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    Former Mayor of South Bend, Ind.
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Former Mayor of South Bend, Ind., Pete Buttigieg responded to questions sent by Fortune and Time’s Up in a video filmed by his campaign. The following transcript of that video response has been edited for length and clarity.

Fortune/Time’s Up: Do you believe that the United States should have comprehensive paid family and medical leave, and if so, what is your proposal to make it happen? 

Buttigieg: The time has come for the United States to join the nations in the world that provide paid family leave. And making sure that medical leave and family leave are available to everybody will be a priority in my administration.

In South Bend, in my administration, we brought for the first time paid family leave to city workers. Now the time has come to make sure that every American enjoys that. It’s why we not only need to pass the FAMILY Act, we need to go beyond it with enhancements like making sure that chosen family members, grandparents, grandchildren, and siblings qualify.

Because families take many forms. The bottom line is we need to make sure that this is available to everyone in our country. It’s part of what it means to be able to support workers and support the American people wherever they are. And I won’t rest until we’ve delivered it.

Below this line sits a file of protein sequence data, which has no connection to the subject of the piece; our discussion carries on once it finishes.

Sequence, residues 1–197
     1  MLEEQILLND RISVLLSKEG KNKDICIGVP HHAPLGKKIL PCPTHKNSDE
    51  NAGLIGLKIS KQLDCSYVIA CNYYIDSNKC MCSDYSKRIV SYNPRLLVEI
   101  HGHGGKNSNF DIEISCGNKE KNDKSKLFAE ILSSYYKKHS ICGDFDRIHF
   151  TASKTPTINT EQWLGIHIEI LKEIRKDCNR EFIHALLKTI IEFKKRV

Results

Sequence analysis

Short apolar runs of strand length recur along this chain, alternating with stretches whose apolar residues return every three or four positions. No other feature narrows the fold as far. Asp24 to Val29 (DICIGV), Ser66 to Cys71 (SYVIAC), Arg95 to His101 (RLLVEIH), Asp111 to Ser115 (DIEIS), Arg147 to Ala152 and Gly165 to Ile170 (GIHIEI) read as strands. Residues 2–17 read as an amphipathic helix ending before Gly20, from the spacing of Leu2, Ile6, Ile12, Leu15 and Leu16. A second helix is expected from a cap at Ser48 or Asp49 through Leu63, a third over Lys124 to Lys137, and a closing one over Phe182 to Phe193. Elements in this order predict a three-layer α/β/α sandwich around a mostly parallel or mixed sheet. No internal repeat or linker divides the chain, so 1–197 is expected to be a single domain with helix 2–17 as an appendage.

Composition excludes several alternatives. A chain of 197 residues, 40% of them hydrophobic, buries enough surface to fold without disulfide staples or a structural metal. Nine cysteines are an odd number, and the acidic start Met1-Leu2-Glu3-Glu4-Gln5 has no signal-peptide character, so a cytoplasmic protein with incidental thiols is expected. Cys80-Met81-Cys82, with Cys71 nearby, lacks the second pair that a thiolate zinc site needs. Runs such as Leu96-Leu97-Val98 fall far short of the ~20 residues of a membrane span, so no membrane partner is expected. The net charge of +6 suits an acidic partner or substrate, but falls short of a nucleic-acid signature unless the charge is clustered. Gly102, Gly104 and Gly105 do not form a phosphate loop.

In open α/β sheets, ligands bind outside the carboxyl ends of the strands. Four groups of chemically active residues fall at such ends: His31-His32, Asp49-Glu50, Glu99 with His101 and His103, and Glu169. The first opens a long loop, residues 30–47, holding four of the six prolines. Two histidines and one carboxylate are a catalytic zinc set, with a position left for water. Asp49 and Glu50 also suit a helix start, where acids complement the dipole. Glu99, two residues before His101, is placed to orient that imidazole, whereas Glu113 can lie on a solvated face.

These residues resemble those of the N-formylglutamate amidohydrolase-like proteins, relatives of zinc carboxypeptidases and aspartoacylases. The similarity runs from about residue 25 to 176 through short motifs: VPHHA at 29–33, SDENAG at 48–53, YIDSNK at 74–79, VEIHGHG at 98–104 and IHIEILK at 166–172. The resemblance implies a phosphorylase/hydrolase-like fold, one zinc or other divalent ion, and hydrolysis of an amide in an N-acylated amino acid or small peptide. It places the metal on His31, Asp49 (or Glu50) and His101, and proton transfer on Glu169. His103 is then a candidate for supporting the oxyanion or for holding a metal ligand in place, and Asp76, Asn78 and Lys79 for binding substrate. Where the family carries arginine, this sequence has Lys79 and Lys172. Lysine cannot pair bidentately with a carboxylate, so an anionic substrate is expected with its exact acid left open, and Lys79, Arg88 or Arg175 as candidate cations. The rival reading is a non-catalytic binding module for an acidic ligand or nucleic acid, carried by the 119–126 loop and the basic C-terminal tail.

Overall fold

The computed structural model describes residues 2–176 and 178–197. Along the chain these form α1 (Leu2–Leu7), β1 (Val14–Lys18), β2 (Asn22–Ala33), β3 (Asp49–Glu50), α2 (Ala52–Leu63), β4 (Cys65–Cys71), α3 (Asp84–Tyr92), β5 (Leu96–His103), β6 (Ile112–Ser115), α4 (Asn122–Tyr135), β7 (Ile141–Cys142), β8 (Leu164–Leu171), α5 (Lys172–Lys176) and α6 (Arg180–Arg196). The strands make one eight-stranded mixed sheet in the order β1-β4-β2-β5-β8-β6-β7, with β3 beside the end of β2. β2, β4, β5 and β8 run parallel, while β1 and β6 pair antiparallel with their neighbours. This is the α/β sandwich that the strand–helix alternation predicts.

How will you ensure that families who need it have access to safe, affordable childcare?

We need to deliver affordable and safe childcare to every family. And we’ve got a lot of work to do as a country to make that a reality. It’s not going to get fixed without deferral funds. I’m insisting that we use federal funds in order to make sure that childcare is free to those who are at or near the poverty line, and affordable for all families, not rising above 7% of income.

Right now in many places, it is as expensive to provide a year of childcare as it is a year of college. This is making it harder for so many Americans, especially women, to remain in the workforce. And some find that all of their earnings in the workforce just go to supporting the childcare that they need in order to be able to work.

This is no way to continue, and it will improve when we make those needed investments that I believe will more than pay for themselves in the long-run benefit to children and families across America.